Tuesday, December 01, 2015

 

Immigration to Hawaii will be from the Pacific Islands, no need to worry about Syria anyway



One of the most passionate speeches of the opening day of the U.N. climate change conference here in Paris was delivered by the Marshall Islands President Christopher Loeak. Thousands of residents from the Marshall Islands have already fled the Pacific island state, becoming climate change refugees. Loeak urged world leaders to end the fossil fuel era.—Democracy Now, 12/1/2015


by Larry Geller

Our daily newspaper has failed to put the Syrian refugee issue in context in a number of ways. Here’s one more. Refugees are and will be coming to Hawaii anyway, but they’re just not Syrians. And regardless of the views of letter writers that the paper selects, we do welcome them.

They are from the Pacific Islands. Adding in a few more refugees from other countries won’t even be a blip in the inflow.

Part of the objection to Governor David Ige’s speech welcoming Syrian refugees to Hawaii was rooted in pure xenophobia and part on the argument that we have no space for Syrian refugees when we still have a massive and growing homeless population (a symptom, of course, of at least a decade of neglect of Hawaii’s ongoing housing crisis).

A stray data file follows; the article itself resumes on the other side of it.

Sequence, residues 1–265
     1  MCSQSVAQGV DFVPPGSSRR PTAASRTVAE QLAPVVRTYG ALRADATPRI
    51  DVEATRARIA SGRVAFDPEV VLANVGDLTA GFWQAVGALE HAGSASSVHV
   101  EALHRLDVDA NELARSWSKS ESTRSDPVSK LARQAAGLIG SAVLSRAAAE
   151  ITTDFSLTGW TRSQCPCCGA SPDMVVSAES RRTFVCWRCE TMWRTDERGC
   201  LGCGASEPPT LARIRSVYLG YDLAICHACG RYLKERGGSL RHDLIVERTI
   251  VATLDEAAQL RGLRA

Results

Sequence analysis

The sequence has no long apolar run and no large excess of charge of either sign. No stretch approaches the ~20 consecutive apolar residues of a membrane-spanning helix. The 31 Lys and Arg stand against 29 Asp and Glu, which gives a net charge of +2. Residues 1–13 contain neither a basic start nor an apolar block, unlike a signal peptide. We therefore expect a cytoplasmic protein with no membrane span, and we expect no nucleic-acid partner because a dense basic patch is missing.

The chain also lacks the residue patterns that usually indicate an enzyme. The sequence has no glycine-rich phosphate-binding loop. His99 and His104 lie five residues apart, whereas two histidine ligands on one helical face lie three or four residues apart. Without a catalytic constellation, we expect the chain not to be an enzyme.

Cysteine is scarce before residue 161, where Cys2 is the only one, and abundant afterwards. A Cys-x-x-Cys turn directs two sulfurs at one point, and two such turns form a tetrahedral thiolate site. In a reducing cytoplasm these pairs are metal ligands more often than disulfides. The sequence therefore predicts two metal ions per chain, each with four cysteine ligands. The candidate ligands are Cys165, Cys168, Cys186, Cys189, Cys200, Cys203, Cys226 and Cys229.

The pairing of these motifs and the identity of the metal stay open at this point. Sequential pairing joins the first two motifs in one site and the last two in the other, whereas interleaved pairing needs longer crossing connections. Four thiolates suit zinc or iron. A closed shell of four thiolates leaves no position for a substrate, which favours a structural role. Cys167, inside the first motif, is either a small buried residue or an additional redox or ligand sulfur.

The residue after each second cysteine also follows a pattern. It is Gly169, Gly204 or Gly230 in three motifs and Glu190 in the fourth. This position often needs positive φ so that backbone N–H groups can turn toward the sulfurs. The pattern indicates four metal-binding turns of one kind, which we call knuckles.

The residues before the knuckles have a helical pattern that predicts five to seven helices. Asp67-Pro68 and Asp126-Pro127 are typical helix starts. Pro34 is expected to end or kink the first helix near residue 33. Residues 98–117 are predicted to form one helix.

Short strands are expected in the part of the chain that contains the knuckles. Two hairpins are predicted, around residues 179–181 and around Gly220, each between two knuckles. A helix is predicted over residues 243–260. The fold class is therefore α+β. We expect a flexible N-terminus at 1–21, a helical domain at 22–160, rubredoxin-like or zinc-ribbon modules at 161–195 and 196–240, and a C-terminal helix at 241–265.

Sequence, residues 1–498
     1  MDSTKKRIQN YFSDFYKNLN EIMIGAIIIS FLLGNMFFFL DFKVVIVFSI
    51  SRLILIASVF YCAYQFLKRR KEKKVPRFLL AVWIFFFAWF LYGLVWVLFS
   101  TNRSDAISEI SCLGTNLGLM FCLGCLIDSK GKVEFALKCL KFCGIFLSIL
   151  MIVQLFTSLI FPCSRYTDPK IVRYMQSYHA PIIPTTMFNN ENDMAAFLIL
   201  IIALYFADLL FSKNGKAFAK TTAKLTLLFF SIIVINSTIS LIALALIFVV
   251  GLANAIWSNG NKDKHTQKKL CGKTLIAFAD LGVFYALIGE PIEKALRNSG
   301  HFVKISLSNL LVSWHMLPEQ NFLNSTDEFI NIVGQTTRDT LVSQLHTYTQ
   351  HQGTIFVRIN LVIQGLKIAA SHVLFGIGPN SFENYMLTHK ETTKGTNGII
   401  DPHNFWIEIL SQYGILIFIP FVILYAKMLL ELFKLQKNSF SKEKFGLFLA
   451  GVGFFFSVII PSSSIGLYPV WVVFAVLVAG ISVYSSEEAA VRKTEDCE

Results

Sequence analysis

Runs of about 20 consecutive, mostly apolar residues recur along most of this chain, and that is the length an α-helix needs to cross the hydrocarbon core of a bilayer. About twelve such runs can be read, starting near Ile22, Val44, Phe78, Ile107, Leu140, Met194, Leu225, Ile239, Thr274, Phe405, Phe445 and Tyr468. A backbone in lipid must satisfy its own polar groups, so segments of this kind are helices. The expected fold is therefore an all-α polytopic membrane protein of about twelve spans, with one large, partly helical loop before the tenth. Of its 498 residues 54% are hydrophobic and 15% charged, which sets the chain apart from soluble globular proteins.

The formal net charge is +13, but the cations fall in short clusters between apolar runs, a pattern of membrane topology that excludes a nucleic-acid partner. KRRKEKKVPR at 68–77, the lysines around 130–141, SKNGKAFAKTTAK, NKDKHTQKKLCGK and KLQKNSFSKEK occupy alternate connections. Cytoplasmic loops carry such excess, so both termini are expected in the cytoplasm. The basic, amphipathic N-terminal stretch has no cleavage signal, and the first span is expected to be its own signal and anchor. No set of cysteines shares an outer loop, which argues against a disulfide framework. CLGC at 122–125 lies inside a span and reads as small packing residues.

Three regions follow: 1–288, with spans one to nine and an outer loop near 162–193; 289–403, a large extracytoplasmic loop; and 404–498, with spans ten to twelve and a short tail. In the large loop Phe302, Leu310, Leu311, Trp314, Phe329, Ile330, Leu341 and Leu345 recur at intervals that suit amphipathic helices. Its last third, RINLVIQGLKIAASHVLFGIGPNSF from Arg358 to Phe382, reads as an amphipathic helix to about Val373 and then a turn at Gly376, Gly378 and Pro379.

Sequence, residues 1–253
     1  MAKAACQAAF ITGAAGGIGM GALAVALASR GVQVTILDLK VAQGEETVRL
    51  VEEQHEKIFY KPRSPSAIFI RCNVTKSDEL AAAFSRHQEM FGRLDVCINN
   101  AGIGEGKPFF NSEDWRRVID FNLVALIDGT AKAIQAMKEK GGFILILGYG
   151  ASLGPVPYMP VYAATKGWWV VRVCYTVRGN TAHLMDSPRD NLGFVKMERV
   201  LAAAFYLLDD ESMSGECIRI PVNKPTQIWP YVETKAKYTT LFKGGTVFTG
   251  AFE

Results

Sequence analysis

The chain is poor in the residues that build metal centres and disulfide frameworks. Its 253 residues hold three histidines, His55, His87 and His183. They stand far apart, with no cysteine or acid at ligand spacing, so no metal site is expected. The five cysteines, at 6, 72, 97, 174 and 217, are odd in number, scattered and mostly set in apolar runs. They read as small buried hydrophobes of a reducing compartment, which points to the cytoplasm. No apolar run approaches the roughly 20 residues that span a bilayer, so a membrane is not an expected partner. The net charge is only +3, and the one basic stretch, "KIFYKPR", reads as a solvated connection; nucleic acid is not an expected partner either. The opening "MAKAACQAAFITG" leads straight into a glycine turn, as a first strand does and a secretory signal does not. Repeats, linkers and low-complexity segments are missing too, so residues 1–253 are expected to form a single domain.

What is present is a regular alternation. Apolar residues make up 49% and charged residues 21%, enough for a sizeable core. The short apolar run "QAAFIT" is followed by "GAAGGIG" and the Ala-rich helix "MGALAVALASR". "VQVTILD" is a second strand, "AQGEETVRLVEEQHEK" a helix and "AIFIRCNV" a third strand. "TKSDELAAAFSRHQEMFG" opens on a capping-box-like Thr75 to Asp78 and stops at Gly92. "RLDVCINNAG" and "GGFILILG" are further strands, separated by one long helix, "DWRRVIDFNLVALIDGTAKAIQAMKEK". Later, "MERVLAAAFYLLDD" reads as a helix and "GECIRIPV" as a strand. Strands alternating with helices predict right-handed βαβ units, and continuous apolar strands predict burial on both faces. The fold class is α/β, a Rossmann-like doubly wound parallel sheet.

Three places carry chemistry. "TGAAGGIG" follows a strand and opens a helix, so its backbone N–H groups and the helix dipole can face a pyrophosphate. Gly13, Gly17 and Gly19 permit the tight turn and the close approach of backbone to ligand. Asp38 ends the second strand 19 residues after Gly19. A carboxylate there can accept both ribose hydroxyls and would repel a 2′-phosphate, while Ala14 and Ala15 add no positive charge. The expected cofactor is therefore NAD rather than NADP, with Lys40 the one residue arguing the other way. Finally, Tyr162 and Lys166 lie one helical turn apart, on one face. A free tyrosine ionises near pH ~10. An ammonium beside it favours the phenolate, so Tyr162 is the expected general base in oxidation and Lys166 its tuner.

In the Pacific, we bombed the hell out of some islands and occupy others, leading to the Compact of Free Association which allows residents of COFA countries to come to the US. Many have chosen to live in Hawaii.

Add in the effects of climate change and it’s clear that Hawaii will be receiving more immigrants. See especially:


Under a 1986 compact, the roughly 70,000 residents of the Marshalls, because of their long military ties to Washington, are free to emigrate to the United States, a pass that will become more enticing as the water rises on the islands’ shores.—New York Times

Sadly, the current climate talks in Paris will not result in action needed to save the world from climate catastrophe—check in with Democracy Now during the week for an inside look. So populations will be on the move as they are threatened both by the direct effects of climate change and by unrest caused by increasing competition for resources.

Hawaii will have its own problems as the earth warms. For the moment, though, our state does indeed welcome immigrants and refugees. And it doesn’t matter if some politicians or news media don’t like it.

 



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